According to Shamukuni, Veekuhane have a diverse economy that includes: pottery, blacksmith, basketry, hunting, carving and agriculture. As agriculturalists, they continue to till the land, rear animals predominantly cattle and chicken, and few sheep, goats, donkeys and horses. Cattle are a source of draught power, protein in the form of milk and meat, and symbol of social status as the more cattle one has the more power s/he commanded in society. Further, cattle and so are other edible domestic animals play significant religious functions as in the case of healing and cleansing ceremonies. Oral traditions hold that prior to the advent of coffins, cattle skins were used to wrap the deceased prior to interment.

Veekuhane are also a fishing people of repute who have perfected their fishing skills over the many centuries of their evolution. Before the adoption of the modern fishing nets, they employed traditionally crafted nets known as lukuku which when cast in specific fishing areas would allow fish to get in but deny them exit. The danger with this technology was that it trapped unintended victims such as pythons which when caught, were nevertheless put to good use for human consumption and as sources of necessary healing oil to cure mild deafness as well as being ointment which when applied on one's body scarred away snakes. Other than traps, fish was also killed using spears. Fish remains to date an important part of Ikuhane diet not only as a source of protein but also as a source of intelligence. There is a belief among the people that one who eats fish and its head in particular, performs well in school.


Subia astronomy

Astronomy is a natural science that the Subia use to study and interpret celestial objects and phenomena. This includes objects that they could see with their naked eyes, like the sun and moon. The moon is called Mwezi. Its function is for light at night, to tell the month, which is also called Mwezi, and seasons. The sun is called Izuba. Its function is for daylight, (hence why a day is called izuba as well) and the sun is used to tell the time of day used to determine directions.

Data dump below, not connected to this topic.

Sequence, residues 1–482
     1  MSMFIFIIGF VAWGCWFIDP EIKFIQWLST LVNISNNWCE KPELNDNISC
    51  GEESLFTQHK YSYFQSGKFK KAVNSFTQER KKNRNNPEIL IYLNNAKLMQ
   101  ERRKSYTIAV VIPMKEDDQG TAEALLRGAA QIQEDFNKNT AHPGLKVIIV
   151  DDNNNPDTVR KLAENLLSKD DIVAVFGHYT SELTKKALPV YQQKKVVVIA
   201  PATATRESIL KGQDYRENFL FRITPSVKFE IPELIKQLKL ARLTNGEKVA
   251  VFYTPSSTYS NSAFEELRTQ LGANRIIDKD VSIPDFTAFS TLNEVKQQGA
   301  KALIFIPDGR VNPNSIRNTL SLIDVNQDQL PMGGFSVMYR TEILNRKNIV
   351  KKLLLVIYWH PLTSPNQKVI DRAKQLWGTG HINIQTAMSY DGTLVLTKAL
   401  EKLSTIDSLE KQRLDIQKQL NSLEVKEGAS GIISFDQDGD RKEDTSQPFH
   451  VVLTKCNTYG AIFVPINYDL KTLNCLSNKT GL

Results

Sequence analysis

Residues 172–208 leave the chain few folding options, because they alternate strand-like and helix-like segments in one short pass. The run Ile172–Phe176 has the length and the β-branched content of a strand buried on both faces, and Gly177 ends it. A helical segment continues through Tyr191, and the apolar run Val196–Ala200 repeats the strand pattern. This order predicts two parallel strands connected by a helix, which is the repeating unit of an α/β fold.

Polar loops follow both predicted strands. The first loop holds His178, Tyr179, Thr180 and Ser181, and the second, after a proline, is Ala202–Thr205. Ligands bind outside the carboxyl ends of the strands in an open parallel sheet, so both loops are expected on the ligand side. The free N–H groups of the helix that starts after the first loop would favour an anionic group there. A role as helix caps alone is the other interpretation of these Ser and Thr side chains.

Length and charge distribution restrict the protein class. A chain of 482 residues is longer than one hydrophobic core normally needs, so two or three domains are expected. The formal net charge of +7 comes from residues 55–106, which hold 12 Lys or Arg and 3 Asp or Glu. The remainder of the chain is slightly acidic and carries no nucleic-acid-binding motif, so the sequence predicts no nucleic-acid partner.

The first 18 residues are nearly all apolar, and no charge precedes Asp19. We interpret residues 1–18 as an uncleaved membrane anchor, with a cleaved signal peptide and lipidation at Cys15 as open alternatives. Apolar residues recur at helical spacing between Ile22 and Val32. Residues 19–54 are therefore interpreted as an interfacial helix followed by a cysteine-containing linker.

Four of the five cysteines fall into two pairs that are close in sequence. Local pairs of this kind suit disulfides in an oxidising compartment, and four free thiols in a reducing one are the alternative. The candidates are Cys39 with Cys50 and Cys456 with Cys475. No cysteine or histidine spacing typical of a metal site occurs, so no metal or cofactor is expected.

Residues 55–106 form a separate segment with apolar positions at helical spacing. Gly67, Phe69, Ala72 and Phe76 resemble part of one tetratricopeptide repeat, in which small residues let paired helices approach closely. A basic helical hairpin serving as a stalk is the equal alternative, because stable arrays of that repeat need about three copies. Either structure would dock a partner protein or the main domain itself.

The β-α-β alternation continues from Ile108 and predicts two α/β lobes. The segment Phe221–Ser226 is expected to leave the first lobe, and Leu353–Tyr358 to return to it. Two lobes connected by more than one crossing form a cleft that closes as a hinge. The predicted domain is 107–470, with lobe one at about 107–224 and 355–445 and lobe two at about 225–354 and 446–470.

Subia food and cuisine

The staple food of the Subia is maize meal porridge called Inkoko. It is often eaten with Zambezi Bream fish along with vegetables or the porridge is eaten with milk called Masanza. This dish is often served at gatherings, weddings or funerals.


Subia culture and attire

The Musisi is a dress worn by Subia women. The word musisi means ‘skirt’. It consists of two skirts with a stiffened top layer to keep the shape of the dress. It is popular for the dress to be made from satin and worn with a matching small wrapper around the waist called Cali in Subia.


Subia music

The music performed by the Subia is called Chipelu. Chipelu music and dance are social activities that take place throughout the year at different social events in the community. It is performed by dance groups for the king at his palace or when he visits the communities in their villages. Dancing also takes place at weddings, political rallies or school meetings but not at funerals. Each Chipelu group composes its own songs usually addressing social issues in the community.


Subia arts and crafts

The Subia are fine potters due to their free access to clay soils and wood for the ovens. They are also known for their skill at crafting baskets which can be used in harvesting crops and sifting maize flour. They also make necklaces from beads, mats out of reeds and whole canoes for fishing.